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Appendix 6 • Table of distances between Prescott and the following points

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Appendix 7 • Command of Maj. Brown which left Mt. Graham, February 15, 1873

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Appendix 8 • Tables of distances between Fort Yuma and Various Points

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Appendix 9 • Table of routes to posts in southern Arizona

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Appendix 10 • Names of chiefs who assisted Crook in the Apache Campaign

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Appendix 11 • Names of hostile chiefs in the Apache Campaign

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Appendix 12 • Interview between Major W. H. Brown and Cochise

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Appendix 12

[Volume 1, Pages, 177, 179, 181, 183]

Interview between

Major W. H. Brown and Cochise

Account of the interview between Maj. W. H. Brown, 5th Cav and the Indian chief Cocheis or Cheis. February 3d 1873.1

Major Brown. I have come from General Crook to this part of the country to see Cocheis: the General hears that Cocheis is at peace and he knows by (Cocheis’) actions that he has kept it. The General is anxious also to keep this peace in all its integrity according to the terms of the treaty; but, in order to be able to do this, he wants to know what the terms of the treaty are. He has never been furnished with a copy of the treaty, and altho’ he will receive a copy, in time, yet it is a long way to Washington and the easiest way to get these terms [is that] he has sent me to Cocheis to find out what he understands these terms to be, and, especially with reference to the movements of troops within the reservation of Cocheis— and particularly, whether troops are to be permitted to come upon the Reservation or not—and also what has been the understanding about Mexico, whether the peace applies to the people of that country or not.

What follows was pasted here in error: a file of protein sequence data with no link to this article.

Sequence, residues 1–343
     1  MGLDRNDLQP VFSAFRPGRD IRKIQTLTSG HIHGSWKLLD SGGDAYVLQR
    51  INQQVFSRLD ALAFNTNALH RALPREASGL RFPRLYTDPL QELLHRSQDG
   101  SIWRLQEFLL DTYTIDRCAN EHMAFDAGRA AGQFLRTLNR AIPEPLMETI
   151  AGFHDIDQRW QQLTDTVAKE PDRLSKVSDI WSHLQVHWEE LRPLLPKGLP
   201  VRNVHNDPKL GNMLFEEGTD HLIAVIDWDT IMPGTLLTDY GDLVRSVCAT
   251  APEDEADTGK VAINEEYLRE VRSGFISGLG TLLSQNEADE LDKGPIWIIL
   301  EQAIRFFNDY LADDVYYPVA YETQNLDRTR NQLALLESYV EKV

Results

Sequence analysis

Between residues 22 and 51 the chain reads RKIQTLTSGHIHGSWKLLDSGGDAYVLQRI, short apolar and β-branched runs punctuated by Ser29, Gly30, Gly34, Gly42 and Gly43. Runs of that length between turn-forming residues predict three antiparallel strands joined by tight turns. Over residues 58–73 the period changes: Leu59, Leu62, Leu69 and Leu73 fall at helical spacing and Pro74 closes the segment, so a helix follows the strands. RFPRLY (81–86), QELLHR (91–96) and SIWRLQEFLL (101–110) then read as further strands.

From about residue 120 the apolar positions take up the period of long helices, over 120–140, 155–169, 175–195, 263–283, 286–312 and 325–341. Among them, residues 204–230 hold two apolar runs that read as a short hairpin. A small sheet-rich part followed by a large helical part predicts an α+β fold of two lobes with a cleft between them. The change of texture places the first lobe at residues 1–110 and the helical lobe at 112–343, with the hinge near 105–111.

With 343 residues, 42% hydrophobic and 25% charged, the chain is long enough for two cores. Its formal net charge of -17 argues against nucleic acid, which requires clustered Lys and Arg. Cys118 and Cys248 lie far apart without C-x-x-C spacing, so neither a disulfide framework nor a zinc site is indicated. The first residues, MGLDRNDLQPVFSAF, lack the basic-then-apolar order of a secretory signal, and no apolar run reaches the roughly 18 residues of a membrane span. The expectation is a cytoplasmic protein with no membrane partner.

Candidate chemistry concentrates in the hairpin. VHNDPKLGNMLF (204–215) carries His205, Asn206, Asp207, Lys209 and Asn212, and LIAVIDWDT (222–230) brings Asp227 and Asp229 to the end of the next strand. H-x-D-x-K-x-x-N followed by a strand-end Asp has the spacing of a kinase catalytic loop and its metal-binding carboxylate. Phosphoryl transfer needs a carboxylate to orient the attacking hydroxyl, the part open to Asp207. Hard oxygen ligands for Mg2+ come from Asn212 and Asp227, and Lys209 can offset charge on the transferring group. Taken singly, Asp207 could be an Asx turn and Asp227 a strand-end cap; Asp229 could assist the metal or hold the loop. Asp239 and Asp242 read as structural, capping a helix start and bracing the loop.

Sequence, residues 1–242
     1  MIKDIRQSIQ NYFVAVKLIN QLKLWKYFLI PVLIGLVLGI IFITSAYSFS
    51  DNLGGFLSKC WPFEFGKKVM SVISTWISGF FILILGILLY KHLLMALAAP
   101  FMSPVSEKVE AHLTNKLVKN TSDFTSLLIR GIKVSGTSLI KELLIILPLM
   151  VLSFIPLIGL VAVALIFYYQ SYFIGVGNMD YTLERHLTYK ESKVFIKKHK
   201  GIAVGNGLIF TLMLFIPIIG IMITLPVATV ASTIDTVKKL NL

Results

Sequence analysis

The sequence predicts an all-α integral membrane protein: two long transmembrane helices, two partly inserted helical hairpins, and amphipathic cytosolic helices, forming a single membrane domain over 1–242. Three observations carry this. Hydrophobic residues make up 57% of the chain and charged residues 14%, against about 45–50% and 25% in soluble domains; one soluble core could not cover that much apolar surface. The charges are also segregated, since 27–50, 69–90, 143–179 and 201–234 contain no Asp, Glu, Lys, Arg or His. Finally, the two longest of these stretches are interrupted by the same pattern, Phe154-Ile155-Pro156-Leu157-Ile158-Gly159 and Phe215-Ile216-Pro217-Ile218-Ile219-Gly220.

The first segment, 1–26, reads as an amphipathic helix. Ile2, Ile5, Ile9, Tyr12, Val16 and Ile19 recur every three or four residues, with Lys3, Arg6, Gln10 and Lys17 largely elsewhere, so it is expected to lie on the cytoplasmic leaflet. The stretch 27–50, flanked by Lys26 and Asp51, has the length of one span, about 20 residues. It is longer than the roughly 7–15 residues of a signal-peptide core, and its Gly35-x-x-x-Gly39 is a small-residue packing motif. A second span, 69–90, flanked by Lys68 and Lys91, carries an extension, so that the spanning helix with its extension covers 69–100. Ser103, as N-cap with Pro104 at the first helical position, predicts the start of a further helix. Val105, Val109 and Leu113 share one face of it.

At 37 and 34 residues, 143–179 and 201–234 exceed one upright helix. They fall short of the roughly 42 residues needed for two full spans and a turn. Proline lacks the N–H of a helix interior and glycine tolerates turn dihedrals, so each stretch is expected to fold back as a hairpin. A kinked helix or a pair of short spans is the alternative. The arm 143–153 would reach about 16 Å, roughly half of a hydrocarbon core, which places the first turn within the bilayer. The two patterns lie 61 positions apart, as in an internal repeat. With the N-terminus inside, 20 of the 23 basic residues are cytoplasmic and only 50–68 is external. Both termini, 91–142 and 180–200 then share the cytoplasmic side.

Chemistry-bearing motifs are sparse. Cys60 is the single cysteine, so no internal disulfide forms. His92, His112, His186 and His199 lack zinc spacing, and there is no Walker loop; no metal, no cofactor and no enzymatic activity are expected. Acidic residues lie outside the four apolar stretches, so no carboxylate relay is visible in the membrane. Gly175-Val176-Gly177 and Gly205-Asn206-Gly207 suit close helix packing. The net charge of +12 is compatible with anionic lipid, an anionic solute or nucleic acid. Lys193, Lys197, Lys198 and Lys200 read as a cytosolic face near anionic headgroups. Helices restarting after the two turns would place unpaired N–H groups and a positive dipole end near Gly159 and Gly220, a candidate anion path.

Appendix 13 • Letter from Bourke regarding Lieutenant Jacob Almy's Death

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Appendix 13

Letter from Bourke regarding

Lieutenant Jacob Almy's Death

Undated Clipping from the Arizona Miner

Volume 1, Page 187

[Handwritten comment by Bourke] Murdered May 27th 1873

[Clipping from newspaper]

“Readers of the MINER will be pained to learn of the murder, at the San Carlos Indian agency, on the 27th ultimo, of lst Lieut. Jacob

Almy, 5th Cavalry, a young officer of prominence during the recent campaign.

From the meagre details thus far furnished, I can only state that

Lieut. Almy’s death occurred while endeavoring to quell a disturbance among the Indians of the San Carlos Reservation. These disturbances, growing out of rivalry and antagonism between the former and the present agent, to which the Indians became involved. The particulars of this hostility have been known to the Indian Department in this Territory for some time.

Lieut. Almy was, I believe, a native of Massachusetts and a graduate of the U.S. Military Academy at West Point, in the class of 1867.

His first services were seen in the campaign of 1867-68, against the hostile Cheyennes and Arapahoes, in which he displayed the same high qualities which afterwards made him so conspicuous in General Crook’s operations against the Apaches. He was present for duty during that campaign, from its first inception to its close, and such were his gallantry, coolness, sound judgment and enthusiastic

 

Appendix 14 • Extraneous notes of Hopi life

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Appendix 14

[Volume 2, Pages 116, 118, 120]

Extraneous notes of Hopi life

At the Moqui villages, a very noticeable feature is the agility and perfect fearlessness with which little baby children run up and down the steep narrow stone steps leading to the roofs of the four story houses. These stairways are unprotected by ballustrade or railings of any kind, have a “raise” of eight inches and a “tread” of only four to six. It was with extreme caution our heavily booted soldiers climbed up the same stairways and ladders.

The rafters, beams and ladders used by the Moquis are constructed of cottonwood; a tree to which we should hereafter assign, under favorable treatment, a greater degree of durability than is at present conceded. No timber of this species can now be found in quantities, within less than 50 miles of Oraybe, and if much were needed search might have to be made for 100 miles.

Secured some seeds of peaches, corn and other vegetables to take to Prescott.

The Moquis have no doors, no window-shutters and no window panes. In very cold weather warmth is afforded by closing doorways with fur coverlids.